Professor Becky Francis, Director of the Institute of Education

I consider the Full Stop campaign to be vital at this time to ensure a safe and inclusive working environment, where all can thrive. We know that sexual harassment and misconduct is prevalent across society and its institutions, which includes universities. University life and working practices, characterised by hierarchical relations such as student/teacher (or doctoral supervisor), Early Career scholar/established Professor (or research team leader), can be particularly facilitative of power inequalities that can be abused. It is vital, then, that we take steps to ensure an institutional message and culture that sexual harassment and misconduct are unacceptable and will not be tolerated. We need to create an environment that prevents such behaviour, and wherein anyone experiencing it can report safely and with confidence that they will be taken seriously - the latter addressed by our 'Report and Support' system. My commitment to addressing this issue at UCL means I am proud to Chair the 'Preventing Sexual Misconduct Strategy Group', with my co-Chair Prof Nigel Titchener-Hooker.

Professor Nigel Titchener-Hooker, Dean of Engineering

I believe that individuals deserve to be treated as equals. No-one should be subject to discrimination. Society as a whole, and UCL within that, needs to demonstrate equity in practice. We start from a position of marked disparities, not least in the area of sexual harassment which is a dreadful indicement of us as a community.

It is my determination to do all I can to help us move toward a university where sexual misconduct no longer exists. I recognize that this is a big task but I know that my conviction that this is not only wrong, but that also entirely it is in our capabilities to root out and remove. The journey toward this goal has begun, now we need to ensure the momentum is maintained.

Dr. Mike Sulu, Biochemical Engineering

It seems as though within the academy, we have spent a long time protecting those who ‘do not play well with others’ instead of helping them become better members of society. This, for most, can be done simply by reminding individuals of the privilege and power they hold, and holding them accountable when they abuse that privilege and/or power.

For me the Full stop campaign shows the move in emphasis from the potential neglect (anecdotally this is often not malicious) of those who have experienced any form of bullying or harassment to actively supporting them. The previous situation would often leave individuals suffering for an unacceptable timeframe and at risk of recurrent incidents that would potentially be detrimental to both physical and mental health/well-being. Institutionally this will lead to a decrease in productivity, but my personal concern is the support of the individual. Regardless of who you are, and where you are at UCL, you deserve the right to work in an inclusive and supportive environment, and I hope that this campaign and the change in institutional attitude will be a catalyst for this positive change.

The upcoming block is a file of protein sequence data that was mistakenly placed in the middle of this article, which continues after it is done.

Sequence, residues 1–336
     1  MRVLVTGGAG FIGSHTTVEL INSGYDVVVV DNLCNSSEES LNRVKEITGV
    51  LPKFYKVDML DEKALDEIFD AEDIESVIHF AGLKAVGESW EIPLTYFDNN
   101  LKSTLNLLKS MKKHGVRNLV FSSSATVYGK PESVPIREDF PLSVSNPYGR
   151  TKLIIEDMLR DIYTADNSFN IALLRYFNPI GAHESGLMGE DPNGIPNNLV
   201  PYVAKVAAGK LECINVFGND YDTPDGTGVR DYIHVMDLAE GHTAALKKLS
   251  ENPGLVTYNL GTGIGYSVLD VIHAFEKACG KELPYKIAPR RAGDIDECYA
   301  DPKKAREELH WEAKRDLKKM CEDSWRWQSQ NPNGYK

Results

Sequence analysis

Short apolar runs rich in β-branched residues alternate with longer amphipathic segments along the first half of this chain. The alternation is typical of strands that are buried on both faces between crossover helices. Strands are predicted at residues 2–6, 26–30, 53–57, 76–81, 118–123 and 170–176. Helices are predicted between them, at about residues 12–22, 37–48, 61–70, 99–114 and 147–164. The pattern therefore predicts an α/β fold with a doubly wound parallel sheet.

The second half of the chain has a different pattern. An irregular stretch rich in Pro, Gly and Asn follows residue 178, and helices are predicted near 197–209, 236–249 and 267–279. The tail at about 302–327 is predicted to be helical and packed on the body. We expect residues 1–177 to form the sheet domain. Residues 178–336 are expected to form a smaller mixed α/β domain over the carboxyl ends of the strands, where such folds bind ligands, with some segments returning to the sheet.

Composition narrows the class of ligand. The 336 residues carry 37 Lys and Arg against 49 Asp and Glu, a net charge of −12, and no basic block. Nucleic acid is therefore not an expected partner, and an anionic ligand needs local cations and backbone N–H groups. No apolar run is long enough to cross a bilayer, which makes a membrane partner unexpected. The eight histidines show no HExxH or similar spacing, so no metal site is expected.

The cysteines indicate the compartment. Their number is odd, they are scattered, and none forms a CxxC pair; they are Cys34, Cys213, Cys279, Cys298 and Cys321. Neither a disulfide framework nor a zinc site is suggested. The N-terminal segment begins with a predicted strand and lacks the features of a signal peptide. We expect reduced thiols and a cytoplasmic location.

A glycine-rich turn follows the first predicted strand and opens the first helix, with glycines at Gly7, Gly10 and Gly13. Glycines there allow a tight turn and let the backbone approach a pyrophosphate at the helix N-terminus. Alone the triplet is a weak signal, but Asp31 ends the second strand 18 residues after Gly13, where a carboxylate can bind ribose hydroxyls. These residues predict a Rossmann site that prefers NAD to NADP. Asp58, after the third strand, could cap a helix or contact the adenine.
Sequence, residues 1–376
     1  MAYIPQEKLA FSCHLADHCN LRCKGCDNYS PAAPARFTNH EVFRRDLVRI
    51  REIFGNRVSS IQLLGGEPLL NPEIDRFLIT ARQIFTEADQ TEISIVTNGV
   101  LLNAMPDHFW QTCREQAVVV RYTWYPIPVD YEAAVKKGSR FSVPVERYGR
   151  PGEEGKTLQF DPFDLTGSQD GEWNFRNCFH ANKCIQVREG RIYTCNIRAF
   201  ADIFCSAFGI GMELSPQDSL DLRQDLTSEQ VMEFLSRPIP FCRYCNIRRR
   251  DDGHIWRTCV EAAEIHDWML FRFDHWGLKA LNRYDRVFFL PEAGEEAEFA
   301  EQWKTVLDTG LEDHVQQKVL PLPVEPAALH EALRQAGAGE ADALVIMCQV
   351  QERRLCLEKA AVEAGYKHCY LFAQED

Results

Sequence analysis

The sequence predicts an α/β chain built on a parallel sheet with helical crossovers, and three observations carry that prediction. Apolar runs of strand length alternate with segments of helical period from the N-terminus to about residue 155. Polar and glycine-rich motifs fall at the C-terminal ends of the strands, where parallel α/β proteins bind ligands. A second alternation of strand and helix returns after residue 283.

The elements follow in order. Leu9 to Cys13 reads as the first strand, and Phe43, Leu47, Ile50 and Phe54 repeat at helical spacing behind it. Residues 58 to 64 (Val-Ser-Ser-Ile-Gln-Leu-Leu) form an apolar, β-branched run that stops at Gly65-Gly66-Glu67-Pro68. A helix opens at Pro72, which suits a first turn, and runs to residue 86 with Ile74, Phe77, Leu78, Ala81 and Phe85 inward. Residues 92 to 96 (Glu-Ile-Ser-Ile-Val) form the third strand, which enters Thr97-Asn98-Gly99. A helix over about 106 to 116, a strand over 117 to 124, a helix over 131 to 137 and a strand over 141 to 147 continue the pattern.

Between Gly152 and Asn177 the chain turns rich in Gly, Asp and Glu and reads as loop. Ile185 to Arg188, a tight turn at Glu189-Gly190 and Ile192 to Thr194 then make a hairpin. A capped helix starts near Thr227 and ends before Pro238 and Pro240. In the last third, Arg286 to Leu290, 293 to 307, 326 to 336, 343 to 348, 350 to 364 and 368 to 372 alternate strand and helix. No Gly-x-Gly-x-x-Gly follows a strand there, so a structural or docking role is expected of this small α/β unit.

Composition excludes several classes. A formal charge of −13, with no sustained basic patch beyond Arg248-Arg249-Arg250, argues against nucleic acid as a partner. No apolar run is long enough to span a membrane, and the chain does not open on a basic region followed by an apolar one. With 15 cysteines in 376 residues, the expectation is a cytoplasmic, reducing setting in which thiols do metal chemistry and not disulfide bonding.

Nick McGhee, Student Registry Services

Through my involvement with UCL’s student complaints and disciplinary procedures, I know that unacceptable behaviour exists in our community. I have also seen how diversified are the experiences which inform our attitudes to such behaviours. That very diversity, however, which may seem like a challenge, presents us with a great opportunity – to draw on our collective experience in order to clarify our shared expectations of how we interact, to promote cultural behaviour change in the direction that we as a community wish to see it go, and to be clear about the circumstances in which the university will seek to challenge such behaviour.  

At UCL we are justified in setting ourselves high standards. Full Stop is everyone’s business and everyone’s responsibility.


Sasha Woods, Research Associate, Institute of Ophthalmology

“The only thing necessary for the triumph of evil is for good men to do nothing.”

In a previous postdoc position, I witnessed a PI systematically bully and harass almost every individual in the team; with name-calling, threats and aggression. At the time, all of us felt powerless to stop her unacceptable behaviour and so it triumphed; as one by one, her postdocs and technicians quit.